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Why you need to get used to SolarWinds

N4nk3r ph3193 Security researcher

The hack that subverted the SolarWinds Orion network performance monitoring software last year is still one of the hot topics of conversation. Many security vendors are now SolarWinds-washing their marketing pitches: “There’s no way that you can avoid the next attack on the software supply chain unless you buy our products.” That sort of thing. Some of these pitches are so ridiculous that they’re funny. Some have more substance to them. I’ll let you decide which are which.

But despite the many vendor claims, it’s probably impossible to stop all such attacks. I don’t know if real therapists say this, but the ones that I have seen on TV often tell their patients that knowing you have a problem is the first step toward solving it. In a similar vein, maybe you should accept that it’s possible for hackers to cleverly subvert any software that exists.

The SolarWinds hack gave us a good example of what’s possible. But you might want to accept that even the most determined and skilled defenders can never stop a determined and skilled adversary, at least not in practical terms.

Why can’t you defend?

A clever adversary can subvert any software or hardware, and in a way that you can’t catch. In his acceptance speech for the 1983 Turing Award, “Reflections on Trusting Trust,” Ken Thompson gave one of the first examples of this: If you can subvert a tool, you can subvert its output. That’s much like what rootkits do. A rootkit can hide its components by replacing a system utility such as the ls list directory contents command with logic that doesn’t show any of the components that it wants to hide. It can roughly replace code that does this:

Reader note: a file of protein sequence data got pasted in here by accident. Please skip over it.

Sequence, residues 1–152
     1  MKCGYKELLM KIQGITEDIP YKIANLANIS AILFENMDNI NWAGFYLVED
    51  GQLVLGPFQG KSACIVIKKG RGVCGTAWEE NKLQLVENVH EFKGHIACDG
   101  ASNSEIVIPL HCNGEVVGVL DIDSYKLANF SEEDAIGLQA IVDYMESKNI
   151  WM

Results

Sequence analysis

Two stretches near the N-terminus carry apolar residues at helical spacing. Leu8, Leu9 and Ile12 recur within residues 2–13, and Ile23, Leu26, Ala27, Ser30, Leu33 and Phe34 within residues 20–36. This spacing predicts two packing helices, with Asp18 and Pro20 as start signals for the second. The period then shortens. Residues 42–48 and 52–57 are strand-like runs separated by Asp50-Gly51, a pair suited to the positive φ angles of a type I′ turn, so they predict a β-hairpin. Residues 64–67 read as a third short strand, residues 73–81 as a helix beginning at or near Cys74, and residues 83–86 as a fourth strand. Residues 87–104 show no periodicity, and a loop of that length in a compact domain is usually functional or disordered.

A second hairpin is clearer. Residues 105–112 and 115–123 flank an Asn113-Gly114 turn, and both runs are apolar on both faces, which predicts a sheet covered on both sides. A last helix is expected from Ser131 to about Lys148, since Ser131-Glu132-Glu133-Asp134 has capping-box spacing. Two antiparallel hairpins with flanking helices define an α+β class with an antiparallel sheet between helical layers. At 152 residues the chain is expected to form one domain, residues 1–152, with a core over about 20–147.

for each file in a directory {
return that file’s name

With code that does something like this:

for each file in a directory {
if file’s name is not on the list of hidden files
return that file’s name

So if you use the subverted ls tool to look for the components of the rootkit, you won’t find them. Similar modifications to other parts of an operating system can make it difficult or impossible to find subverted components.

Thompson noted that if you try to find such a modification, a clever adversary could even subvert the tools that you could use to do that, making it virtually impossible to detect a very clever subversion of software. And if you try to verify the functioning of the tools that you use to detect such hacks, the tools that you use to do that could also be subverted, and so on. As long as automated tools are being used, it’s possible to subvert those tools to alter their output and avoid being caught.

So you can’t really trust software that has been generated by other software. That means that absolutely all software is susceptible to this. But it’s not just software that has this problem. Hardware can also be subverted in a similar way, because the software and hardware design processes aren’t that different. Integrated circuits are much like object code. You get software object code from running your source code through a compiler. Similarly, you make hardware these days by compiling source code that’s written in a hardware description language (HDL) and using the output of that process to fabricate the hardware.